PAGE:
Buying A House With Student Loans [Explained]

Looking to buy a house but have a large burden of debt because of student loans ? Don't sweat it , you can still buy a home. Learn more on the ratios which will be considered during home buying and other factors you need to look out for when you have student loans.

Updated by Jason Joy Manoj on 8th November 2019

Buying a house is a milestone in one’s life but according to a survey conducted by Bankrate about  61% of Millenials don’t still own a home. The main reason for this is suggested to be student loans. Are student loans a major factor that hinders someone from getting a home ? Or can someone with student loans still go ahead and buy a house. 

From the data released by the federal reserve, about 43% of graduates have student loan debt. It’s hard to make a huge investment when you have monthly payments to be made.

Let us learn more about the process of getting a mortgage and how big of a role student loans play in it.

Table of contents

Student loans and the mortgage process

A student loan cannot be the only factor that can prevent you from qualifying for a mortgage. It should be noted that your debt to income ratio plays a major role here for approval. The effect your student loans have with your debt to income ratio is what you need to watch out for. 

A lender will first look at a prospective borrower’s front end and back end ratios, credit history, assets and the size of the down payment available. The back end ratio will contain all the monthly debt payments. This will include student loan payments, car payments, credit cards, and personal loan payments. 

Large monthly student loan payments

If you are looking for a mortgage but already have a large monthly student loan payments to be made but no other debt. With the consideration of a reasonably priced home, you should be on the clear while applying for a home loan.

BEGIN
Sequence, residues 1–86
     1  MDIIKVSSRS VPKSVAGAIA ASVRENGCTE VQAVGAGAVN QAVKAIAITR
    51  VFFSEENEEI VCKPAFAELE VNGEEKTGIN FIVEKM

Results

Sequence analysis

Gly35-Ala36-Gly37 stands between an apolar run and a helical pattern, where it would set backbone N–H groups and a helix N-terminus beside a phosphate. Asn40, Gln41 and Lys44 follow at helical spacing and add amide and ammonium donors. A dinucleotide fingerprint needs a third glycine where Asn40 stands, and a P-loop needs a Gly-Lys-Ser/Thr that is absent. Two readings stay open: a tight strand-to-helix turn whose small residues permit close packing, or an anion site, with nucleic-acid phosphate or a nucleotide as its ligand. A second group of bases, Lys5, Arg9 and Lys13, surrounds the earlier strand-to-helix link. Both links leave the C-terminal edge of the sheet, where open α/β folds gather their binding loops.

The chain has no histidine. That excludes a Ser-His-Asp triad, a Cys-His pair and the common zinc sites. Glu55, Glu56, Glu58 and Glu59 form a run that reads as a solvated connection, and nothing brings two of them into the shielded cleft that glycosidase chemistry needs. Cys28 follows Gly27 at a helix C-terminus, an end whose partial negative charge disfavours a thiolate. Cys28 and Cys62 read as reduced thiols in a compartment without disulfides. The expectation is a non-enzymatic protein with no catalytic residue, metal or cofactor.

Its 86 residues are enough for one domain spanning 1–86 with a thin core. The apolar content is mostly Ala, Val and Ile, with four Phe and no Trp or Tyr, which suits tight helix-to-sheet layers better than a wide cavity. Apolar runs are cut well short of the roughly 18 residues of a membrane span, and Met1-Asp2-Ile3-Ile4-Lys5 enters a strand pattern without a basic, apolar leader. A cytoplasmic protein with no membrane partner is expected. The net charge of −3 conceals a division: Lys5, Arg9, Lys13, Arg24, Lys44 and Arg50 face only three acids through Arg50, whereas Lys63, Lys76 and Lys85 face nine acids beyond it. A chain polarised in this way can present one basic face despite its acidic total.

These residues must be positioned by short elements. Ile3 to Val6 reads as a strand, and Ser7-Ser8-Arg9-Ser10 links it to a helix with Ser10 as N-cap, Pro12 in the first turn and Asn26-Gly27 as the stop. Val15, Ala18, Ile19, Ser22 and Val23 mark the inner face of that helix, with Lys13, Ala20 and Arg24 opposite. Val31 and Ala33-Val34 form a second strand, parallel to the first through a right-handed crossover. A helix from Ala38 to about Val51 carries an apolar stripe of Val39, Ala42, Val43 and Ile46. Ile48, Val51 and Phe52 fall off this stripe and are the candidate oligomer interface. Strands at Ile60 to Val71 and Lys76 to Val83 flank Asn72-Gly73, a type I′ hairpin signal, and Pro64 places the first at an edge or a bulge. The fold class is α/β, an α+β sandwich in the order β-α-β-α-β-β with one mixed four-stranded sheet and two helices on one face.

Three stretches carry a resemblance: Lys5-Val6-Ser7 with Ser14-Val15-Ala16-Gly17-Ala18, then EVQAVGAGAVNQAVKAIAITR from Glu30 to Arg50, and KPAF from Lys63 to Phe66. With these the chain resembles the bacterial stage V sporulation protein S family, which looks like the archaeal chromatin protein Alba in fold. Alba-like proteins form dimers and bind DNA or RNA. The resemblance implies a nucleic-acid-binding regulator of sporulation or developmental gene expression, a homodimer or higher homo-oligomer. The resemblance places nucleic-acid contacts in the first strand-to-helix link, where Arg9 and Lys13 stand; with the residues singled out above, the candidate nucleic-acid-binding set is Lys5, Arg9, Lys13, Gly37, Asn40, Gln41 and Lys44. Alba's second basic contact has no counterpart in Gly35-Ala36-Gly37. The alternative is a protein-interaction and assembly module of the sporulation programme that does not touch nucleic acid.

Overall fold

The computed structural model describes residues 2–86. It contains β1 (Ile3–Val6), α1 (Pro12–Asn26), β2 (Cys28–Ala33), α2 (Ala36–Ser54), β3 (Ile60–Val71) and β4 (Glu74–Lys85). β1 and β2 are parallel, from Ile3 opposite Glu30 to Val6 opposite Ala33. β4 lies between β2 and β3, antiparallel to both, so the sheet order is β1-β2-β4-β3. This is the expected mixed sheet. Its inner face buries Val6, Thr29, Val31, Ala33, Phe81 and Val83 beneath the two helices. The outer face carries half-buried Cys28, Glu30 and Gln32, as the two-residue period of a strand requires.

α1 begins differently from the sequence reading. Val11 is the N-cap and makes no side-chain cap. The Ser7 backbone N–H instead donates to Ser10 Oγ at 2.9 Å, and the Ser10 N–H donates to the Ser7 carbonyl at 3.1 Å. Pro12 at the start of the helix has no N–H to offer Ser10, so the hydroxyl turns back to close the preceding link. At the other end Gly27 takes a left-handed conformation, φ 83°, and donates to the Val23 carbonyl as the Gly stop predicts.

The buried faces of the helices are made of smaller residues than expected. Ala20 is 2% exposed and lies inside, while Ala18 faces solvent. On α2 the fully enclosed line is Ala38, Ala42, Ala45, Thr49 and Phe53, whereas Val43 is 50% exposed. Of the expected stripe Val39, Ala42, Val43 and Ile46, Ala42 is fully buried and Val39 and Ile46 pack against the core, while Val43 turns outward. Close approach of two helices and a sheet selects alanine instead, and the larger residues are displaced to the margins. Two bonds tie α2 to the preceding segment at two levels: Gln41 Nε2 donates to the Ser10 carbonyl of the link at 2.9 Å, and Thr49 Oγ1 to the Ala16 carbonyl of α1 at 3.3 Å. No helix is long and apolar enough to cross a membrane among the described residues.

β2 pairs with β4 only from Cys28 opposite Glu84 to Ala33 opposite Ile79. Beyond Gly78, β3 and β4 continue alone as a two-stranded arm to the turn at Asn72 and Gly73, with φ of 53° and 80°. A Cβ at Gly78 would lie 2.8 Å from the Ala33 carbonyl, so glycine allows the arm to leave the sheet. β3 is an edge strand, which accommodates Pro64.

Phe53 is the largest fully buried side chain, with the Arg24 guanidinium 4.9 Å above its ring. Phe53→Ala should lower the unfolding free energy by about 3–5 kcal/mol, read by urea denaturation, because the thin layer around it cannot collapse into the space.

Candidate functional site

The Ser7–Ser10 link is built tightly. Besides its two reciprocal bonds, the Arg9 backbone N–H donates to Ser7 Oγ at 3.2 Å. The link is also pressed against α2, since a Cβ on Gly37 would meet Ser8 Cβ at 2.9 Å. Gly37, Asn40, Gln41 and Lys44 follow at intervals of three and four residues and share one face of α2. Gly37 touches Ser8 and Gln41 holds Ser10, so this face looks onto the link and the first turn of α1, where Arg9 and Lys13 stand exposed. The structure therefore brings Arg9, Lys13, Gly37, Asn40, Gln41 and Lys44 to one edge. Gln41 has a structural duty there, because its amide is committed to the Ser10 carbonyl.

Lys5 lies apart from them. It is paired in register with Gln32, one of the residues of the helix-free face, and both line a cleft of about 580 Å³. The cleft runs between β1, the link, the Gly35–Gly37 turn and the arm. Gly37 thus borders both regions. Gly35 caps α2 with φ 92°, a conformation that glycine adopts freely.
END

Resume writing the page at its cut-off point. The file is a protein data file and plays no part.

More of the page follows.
Keep a check on your debt to income ratio, if the current debts are higher and the debt to income ratio is past the lenders limit then the student loans will prevent you from qualifying.

Ratios in consideration for homebuyers with student loans 

When a potential buyer has student loans the following ratios play a major role in deciding the amount given as a mortgage loan. The ratios are front end and back end debt to income ratio. Let us look at them in detail : 

Front end ratio 

This ratio is commonly known as the housing ratio. It is calculated by dividing the projected monthly mortgage payments by the gross monthly income. It should be noted that this income is before taxes.

This projected mortgage payment includes the principal, taxes, insurance, and interest payments. This is collectively known as a PITI ( pronounced like the word pity). 

Here is an example to help you understand the calculation that goes into getting a borrower’s front end ratio - 

Consider a situation where you earn $50,000 which is $4,166 per month your PITI will come up to around $1,200 per month. Then the front end ratio is calculated by dividing your PITI by the monthly gross income - $1,200/$4,166 = 0.29 or 29%.

According to the Federal Housing Administration (FHA) loans, a front end ratio of 31% will be allowed as of 2018. The terms and limits of the loans are set by the lender. The front end ratio requirements will vary from lender to lender, usually, a 28% front end ratio is expected. 

Back end ratio 

This ratio takes into account all of the borrower’s debt obligations in comparison to the income earned by the borrower. In order to calculate this ratio, you will have to add your monthly debt payments and divide that amount by the monthly income. 

The debt payments to be made will include the PITI on the borrower’s child support, mortgage, credit card minimum payments and also student loans. 

Here is an example to help you understand the calculation that goes into getting a borrower’s back end ratio - 

Assume that a borrower earns $50,000 or $4,166 per month and with a PITI of $1,200 per month. Let us also assume that the borrower has a small credit card balance with a $50 per month minimum payment. And a student loan payment to be made of $375 per month as a minimum payment.  

The total monthly debt payments come to $1,625 so the ratio will be got by dividing the total debt payments by the gross monthly income: $1,625/$4,166 = 0.39 or 39%

It should be noted that most conventional lenders prefer to see a back end ratio under 36%. But if you have taken out an FHA loan then you can hold a back end ratio of up to 43%. 

So based on the above example, the borrower will be able to qualify for an FHA loan but the chances for qualifying for a conventional loan are lower. This illustrates how student loans can interfere with you getting qualified for a mortgage. Here are certain alternatives you can consider if you find yourself in this situation - 

  • Look for a less expensive house with a lower PITI